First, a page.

AP NEWS

For Aucoin, It’s the End of a Very Long Road Through Hockey World

August 27, 2018
For Aucoin, It's the End of a Very Long Road Through Hockey World

Retired professional hockey player Keith Aucoin plays some street hockey with his son Brayden, 6, in front of their Chelmsford home. SUN/JULIA MALAKIE Sentinel and Enterprise staff photos can be ordered by visiting our SmugMug site.

CHELMSFORD -- Despite being one of the top high school hockey players in Massachusetts, Keith Aucoin received no love from Division 1 colleges.

He was told the same thing over and over.

You’re too small.

He never heard from UMass Lowell, located just a couple of slap shots from his Chelmsford home.

For a guy deemed too small to play college hockey at the highest level, Aucoin had the last laugh.

A big laugh.

A giant laugh, even.

The 39-year-old Aucoin has finally retired from hockey, ending a storybook 17-year professional career which saw him play in four countries, on 17 teams and in seven leagues.

Two of the leagues he played in are long defunct.

“That means I’m old. That means I’m really old,” he said, laughing, during an interview at his Chelmsford home earlier this week.

Counting playoff games, Aucoin netted 1,320 points in 1,360 games. He played in 165 National Hockey League games (counting playoffs), wearing the sweaters of the Carolina Hurricanes, Washington Capitals, New York Islanders and St. Louis Blues.

“Looking back it doesn’t feel like 17 years. I was very fortunate to not have a lot of injuries to hold me back,” he said. “But at the same time it went so fast. I feel I can still play, but it took me a lot longer to get ready for games every night. Obviously a lot of it has to do with the family.”

Aucoin and his wife, Maureen, a New Jersey native, have two sons, Brayden, 6, and Nathan, 4. They live in Chelmsford just steps from the Carlisle line.

Aucoin spent the previous four seasons in Europe -- one in Switzerland and the last three in Germany.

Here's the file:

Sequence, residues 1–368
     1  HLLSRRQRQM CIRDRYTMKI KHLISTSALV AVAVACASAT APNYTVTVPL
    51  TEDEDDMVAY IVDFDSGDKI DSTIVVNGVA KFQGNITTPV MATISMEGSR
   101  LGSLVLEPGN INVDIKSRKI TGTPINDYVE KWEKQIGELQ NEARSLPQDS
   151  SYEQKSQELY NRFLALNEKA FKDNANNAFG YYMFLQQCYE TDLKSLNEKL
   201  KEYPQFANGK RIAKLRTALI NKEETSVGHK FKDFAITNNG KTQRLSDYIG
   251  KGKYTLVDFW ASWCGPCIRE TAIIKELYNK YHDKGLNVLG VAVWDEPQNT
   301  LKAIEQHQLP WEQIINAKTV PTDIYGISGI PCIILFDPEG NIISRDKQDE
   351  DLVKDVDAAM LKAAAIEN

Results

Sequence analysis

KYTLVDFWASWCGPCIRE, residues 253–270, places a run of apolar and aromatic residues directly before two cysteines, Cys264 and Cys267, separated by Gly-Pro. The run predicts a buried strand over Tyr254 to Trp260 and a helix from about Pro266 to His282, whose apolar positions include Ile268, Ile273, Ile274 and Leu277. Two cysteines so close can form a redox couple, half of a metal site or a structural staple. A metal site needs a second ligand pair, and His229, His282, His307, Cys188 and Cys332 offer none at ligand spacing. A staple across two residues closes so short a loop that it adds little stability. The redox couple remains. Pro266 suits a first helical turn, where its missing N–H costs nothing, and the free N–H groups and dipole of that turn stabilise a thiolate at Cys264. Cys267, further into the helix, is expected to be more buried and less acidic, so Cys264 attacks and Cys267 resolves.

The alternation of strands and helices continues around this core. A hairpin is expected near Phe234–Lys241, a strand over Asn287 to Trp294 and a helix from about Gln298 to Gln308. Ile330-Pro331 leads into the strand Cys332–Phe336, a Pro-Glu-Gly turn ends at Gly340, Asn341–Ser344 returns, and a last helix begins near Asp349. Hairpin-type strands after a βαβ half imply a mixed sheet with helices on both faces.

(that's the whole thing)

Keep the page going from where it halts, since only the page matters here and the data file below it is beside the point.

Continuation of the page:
He won championships with his Munich EHC team all three seasons he played in Germany’s top league. Early last season, he told team officials the 2017-18 season would be his last.

He then produced a terrific final campaign, scoring 11 goals and 52 assists. His 63 points easily led the league. He was named the MVP of the Deutsche Eishockey League. And when Munich won the title, Aucoin was the first player to skate around with the trophy.

Talk about going out on top.

“I really didn’t expect to have that good of a season,” he admitted. “I really felt (getting older) the most the previous year. I always said I wanted to go out on my own terms. So I’m very fortunate for that to happen.

“The whole team knew it was my last year,” he said, adding that his teammates presented him with a watch before the playoffs. “They made it special for me. I’m not an emotional guy, but that’s the first time it really set in. I had tears in my eyes. But it made it a lot easier winning the last game of my career.”

Aucoin enjoyed his time in Germany. He easily could have signed for another season. But with his boys getting older, he knew it was time to retire. Brayden’s entering first grade in September and Nathan’s starting kindergarten.

Aucoin is looking forward to watching his sons play sports. Yes, they both skate.